The Carpaccio di Salmone Marinato consisted of thinly sliced salmon topped with spinach and candied oranges. The spinach was very heavily seasoned with salt, pepper and oil – something I wasn’t complaining about. The candied fruit on the top of this dish played an intergral part, adding a hint of sweetness to each bite – something you don’t typically get in a carpaccio dish.
Ravioli di Carciofi: Artichokes, parmigiano and crispy prosciutto
One of my favorite dishes of the night was the Ravioli di Carciofi. A very thin ravioli was stuffed with artichoke and topped with crispy and salty prosciutto. A light cream sauce was used that was so light you almost didn’t notice it was there. This was delicious. The flavor of artichokes really shone through with the light sauce serving its purpose to accent the flavor instead of drowning the pasta.
Tonnarelli Cacio e Pepe: Pecorino cheese and fresh cracked black pepper
The Tonnarelli Cacio e Pepe, while simple, had a complexity to it. The pasta was cooked al dente, as it should be, and tasted like it was literally made a few minutes ago. You can’t get any fresher than that. The sauce had a slight kick to it, reminding you it was there and giving this dish a warmth.
Salsiccia alla Brace: Italian pork sausage, cremini mushrooms and grilled tomatoes
Before dessert, our final dish of the night was the Salsiccia alla Brace. Sweet Italian pork sausage was topped with cremini mushrooms and laid on top of onions and grilled cherry tomatoes. I really liked how the sausage was cooked. It had some burnt areas to it and that extra char had me reminiscing about grilling sausage in my backyard. I liked this dish, but struggled to love it. Unfortunately, the flavors just didn’t go far enough for me.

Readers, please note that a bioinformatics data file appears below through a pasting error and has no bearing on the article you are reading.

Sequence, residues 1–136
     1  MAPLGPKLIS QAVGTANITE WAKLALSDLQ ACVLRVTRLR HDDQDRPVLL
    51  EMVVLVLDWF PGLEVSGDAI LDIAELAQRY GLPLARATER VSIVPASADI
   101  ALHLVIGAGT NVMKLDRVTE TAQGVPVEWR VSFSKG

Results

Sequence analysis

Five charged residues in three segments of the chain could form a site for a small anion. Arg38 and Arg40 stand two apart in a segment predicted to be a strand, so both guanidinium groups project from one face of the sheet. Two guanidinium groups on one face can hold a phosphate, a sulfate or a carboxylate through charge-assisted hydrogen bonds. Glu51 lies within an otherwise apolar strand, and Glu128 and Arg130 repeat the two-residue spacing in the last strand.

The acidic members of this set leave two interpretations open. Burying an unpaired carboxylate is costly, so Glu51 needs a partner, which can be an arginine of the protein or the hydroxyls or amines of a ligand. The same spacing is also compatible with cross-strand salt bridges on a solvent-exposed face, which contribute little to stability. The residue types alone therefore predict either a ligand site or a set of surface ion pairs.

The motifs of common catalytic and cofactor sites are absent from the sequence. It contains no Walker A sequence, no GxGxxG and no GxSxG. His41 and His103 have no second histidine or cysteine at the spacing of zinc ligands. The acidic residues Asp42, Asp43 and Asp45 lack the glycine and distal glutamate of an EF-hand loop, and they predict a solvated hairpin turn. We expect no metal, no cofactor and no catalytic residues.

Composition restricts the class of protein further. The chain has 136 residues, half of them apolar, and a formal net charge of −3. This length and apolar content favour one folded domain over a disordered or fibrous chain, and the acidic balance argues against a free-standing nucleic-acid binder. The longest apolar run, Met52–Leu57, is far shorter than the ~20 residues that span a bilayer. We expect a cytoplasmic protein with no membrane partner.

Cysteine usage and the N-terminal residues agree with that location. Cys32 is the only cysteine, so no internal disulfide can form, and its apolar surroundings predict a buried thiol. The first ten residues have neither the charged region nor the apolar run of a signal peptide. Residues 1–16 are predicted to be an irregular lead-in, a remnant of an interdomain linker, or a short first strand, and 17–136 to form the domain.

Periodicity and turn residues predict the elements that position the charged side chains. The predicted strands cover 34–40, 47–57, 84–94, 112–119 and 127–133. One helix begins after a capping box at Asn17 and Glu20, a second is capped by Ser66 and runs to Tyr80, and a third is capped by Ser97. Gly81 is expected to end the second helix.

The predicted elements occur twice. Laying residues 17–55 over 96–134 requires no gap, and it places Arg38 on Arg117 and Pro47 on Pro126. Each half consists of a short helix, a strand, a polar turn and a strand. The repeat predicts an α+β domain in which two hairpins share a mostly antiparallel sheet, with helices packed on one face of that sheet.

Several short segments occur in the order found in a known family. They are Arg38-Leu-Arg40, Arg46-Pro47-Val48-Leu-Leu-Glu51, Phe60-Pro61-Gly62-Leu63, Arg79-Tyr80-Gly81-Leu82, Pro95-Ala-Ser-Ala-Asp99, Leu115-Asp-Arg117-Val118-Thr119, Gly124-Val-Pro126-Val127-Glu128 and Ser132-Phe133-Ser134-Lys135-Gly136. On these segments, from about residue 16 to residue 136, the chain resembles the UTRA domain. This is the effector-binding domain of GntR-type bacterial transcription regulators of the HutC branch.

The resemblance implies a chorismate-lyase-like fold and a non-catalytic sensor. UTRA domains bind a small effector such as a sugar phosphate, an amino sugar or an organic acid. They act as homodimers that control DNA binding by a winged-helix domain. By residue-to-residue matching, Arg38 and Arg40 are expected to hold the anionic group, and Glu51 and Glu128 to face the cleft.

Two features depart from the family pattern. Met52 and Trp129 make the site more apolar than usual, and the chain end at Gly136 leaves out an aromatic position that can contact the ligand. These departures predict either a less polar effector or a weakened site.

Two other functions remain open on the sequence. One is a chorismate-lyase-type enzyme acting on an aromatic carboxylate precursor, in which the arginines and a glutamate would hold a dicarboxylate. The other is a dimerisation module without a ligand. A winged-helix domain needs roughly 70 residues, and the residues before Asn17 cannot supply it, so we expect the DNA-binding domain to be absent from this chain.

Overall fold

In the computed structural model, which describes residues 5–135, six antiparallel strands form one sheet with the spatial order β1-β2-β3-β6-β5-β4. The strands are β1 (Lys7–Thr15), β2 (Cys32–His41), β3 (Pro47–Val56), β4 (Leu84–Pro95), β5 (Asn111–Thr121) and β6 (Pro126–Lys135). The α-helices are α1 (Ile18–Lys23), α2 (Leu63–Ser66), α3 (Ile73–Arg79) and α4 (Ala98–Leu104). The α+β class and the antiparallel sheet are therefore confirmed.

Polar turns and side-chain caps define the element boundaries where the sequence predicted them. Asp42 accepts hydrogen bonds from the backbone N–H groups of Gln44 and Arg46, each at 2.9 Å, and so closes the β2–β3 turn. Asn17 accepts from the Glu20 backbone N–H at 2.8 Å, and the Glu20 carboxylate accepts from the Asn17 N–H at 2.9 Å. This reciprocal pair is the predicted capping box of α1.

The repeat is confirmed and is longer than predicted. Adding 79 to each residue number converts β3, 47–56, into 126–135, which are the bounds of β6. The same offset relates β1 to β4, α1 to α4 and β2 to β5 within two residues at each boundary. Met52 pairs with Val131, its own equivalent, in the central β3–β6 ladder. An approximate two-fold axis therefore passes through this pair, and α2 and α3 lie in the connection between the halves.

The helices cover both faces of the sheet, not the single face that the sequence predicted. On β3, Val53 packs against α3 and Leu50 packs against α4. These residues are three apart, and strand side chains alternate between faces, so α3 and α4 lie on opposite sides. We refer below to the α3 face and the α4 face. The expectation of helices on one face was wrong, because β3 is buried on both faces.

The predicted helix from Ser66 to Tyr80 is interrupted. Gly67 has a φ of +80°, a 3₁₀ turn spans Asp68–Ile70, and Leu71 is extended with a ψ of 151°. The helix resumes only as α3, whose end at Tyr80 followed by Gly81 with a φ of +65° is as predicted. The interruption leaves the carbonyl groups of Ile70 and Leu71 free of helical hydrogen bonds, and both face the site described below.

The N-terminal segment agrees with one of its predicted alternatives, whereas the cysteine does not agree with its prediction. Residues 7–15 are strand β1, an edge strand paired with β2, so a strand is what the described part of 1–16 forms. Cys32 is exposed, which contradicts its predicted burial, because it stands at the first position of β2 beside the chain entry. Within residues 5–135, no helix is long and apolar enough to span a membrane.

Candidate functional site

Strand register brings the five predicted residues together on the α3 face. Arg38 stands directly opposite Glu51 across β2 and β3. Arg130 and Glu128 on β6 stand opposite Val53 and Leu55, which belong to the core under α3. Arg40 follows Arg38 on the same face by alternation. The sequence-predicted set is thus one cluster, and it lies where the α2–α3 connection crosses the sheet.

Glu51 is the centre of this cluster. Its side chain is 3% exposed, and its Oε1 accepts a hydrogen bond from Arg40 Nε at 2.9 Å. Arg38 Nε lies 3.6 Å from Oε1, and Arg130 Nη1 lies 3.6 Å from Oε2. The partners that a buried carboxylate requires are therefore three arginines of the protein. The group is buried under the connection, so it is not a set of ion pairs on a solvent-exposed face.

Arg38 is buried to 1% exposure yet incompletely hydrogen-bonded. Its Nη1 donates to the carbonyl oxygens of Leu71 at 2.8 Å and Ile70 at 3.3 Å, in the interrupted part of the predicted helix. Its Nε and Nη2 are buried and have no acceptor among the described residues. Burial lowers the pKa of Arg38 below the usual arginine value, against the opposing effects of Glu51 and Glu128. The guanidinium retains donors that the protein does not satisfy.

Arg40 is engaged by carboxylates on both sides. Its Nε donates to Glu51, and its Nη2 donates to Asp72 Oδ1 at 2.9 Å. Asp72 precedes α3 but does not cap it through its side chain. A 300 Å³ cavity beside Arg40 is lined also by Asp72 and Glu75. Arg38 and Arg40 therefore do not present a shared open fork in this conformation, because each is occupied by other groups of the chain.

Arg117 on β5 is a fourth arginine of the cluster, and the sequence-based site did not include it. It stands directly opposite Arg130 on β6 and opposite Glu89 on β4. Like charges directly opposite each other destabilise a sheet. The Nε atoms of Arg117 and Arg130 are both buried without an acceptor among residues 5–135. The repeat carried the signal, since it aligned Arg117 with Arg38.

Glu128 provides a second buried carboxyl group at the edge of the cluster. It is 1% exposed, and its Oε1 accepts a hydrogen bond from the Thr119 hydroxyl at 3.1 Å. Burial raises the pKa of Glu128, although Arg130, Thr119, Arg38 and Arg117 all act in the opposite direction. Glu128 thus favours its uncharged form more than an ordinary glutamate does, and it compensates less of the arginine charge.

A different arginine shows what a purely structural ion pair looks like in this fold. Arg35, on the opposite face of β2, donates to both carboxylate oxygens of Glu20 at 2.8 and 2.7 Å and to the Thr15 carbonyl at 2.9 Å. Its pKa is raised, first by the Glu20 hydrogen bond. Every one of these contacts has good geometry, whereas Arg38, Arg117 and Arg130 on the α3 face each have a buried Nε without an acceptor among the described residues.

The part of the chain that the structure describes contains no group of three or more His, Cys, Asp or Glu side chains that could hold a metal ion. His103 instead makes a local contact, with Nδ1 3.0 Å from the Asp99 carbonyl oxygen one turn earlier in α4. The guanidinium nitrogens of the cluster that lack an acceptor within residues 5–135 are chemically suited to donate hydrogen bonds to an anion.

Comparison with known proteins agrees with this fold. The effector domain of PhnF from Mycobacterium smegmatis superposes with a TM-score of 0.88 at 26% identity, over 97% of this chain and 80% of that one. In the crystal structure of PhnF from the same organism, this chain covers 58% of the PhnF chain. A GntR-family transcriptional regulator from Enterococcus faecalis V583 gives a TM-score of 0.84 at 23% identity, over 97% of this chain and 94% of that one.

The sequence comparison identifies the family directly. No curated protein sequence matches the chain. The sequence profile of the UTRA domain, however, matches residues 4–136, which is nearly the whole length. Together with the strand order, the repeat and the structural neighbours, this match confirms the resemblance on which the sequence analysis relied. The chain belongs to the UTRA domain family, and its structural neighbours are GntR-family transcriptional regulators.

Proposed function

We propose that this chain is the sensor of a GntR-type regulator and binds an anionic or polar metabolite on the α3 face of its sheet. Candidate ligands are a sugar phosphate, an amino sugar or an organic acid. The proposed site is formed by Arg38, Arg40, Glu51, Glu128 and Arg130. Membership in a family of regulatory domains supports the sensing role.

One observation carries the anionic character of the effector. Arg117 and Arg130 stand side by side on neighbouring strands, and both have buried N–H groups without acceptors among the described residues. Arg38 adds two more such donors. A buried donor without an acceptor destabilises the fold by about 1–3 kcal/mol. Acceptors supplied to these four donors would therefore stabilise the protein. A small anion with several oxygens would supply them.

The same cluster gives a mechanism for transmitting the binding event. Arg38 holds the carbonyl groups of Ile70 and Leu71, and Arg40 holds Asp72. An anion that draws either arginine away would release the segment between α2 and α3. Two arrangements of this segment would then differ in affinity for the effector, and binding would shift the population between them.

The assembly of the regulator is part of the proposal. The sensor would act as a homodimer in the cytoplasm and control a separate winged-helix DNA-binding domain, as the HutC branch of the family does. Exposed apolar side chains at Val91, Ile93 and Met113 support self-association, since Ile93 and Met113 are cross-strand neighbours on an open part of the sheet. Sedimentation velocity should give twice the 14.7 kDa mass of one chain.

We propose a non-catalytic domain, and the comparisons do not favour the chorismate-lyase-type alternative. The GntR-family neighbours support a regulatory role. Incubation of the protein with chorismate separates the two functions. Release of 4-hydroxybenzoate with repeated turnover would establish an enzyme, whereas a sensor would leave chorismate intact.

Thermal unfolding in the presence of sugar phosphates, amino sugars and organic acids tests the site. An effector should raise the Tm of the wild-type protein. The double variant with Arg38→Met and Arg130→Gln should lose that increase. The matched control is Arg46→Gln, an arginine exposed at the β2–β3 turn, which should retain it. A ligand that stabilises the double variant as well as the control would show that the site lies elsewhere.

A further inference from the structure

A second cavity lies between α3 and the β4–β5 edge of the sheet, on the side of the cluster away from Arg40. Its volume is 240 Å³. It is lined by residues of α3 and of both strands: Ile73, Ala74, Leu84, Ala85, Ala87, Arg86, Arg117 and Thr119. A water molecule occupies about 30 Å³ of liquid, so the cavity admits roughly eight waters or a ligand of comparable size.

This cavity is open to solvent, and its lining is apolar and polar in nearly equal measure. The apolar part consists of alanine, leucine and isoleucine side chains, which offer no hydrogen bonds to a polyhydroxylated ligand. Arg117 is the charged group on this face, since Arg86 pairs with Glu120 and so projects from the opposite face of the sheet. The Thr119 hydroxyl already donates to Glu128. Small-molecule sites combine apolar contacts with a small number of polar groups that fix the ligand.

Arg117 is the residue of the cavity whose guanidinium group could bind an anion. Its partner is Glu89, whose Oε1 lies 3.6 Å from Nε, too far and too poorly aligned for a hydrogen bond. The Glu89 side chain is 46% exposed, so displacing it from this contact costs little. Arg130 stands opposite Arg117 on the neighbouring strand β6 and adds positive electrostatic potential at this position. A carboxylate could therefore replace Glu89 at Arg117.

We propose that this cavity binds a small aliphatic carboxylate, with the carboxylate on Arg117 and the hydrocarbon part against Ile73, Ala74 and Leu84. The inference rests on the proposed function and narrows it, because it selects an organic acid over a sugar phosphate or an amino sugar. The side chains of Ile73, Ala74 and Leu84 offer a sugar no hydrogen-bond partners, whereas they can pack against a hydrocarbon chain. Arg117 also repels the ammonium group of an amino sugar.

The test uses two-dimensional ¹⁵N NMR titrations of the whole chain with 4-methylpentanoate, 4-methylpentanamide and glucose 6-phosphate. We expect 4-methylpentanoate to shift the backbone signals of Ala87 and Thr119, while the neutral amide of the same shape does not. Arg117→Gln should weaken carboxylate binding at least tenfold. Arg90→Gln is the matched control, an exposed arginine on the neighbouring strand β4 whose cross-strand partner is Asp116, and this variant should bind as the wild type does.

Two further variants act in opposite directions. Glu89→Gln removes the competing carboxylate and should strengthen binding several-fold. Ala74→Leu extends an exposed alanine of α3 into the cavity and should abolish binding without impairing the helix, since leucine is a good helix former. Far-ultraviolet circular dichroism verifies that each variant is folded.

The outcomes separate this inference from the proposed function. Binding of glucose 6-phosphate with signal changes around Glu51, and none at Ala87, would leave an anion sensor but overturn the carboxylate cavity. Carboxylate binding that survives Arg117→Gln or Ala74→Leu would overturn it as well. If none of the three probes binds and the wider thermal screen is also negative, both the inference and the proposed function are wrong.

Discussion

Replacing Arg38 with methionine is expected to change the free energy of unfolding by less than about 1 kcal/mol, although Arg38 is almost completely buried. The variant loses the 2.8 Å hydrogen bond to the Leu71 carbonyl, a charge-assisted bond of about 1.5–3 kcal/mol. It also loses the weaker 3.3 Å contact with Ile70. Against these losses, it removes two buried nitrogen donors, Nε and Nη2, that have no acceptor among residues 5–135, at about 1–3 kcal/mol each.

Dessert: Yogurt cake, Espresso flan, Chocolate lava cake
Dessert consisted of three different items – yogurt cake, Espresso flan and chocolate lava cake. The yogurt cake had a hint of lemon to it and was served with a delicious dark chocolate ganache. The ganache was slightly bitter and perfectly accented the yogurt cake. The chocolate lava cake had a layer of whipped cream around it that served as a bed for the molten chocolate that flowed out of this as soon as its skin was pierced. I don’t think I’ve ever had a chocolate lava cake I didn’t like. This was no exception and the layer of whipped cream on the outside was only a plus. The most unique dessert was the espresso flan. The flan had a strong coffee flavor and was topped with a thin layer of coffee grounds. I loved the grittiness of the grounds and the overpowering coffee flavor. Definitely no need to order a cup of coffee after this dessert.
The service at Abbottega was incredible. Going back to what I said about a communal feel, it really did feel like I was eating in my grandmother’s kitchen and she was serving up a feast. The team at Abbottega did everything under the sun to make sure diners were happy.
Prices range from $14 for salads, $14-$15 for appetizers, $13-$16 for pasta and $20-$24 for entrees. For what you get, these prices are a huge value.
I’m adding Abbottega to my list of some of the best Italian food I’ve had in New York City. A communal feel, simple, yet delicious food, incredible service – this restaurant seems to have it all. There are very few places that can make you feel like you’re eating in your grandmother’s kitchen, Abbottega is one of them. I can’t wait to head back.
*This meal was provided free, courtesy of Abbottega.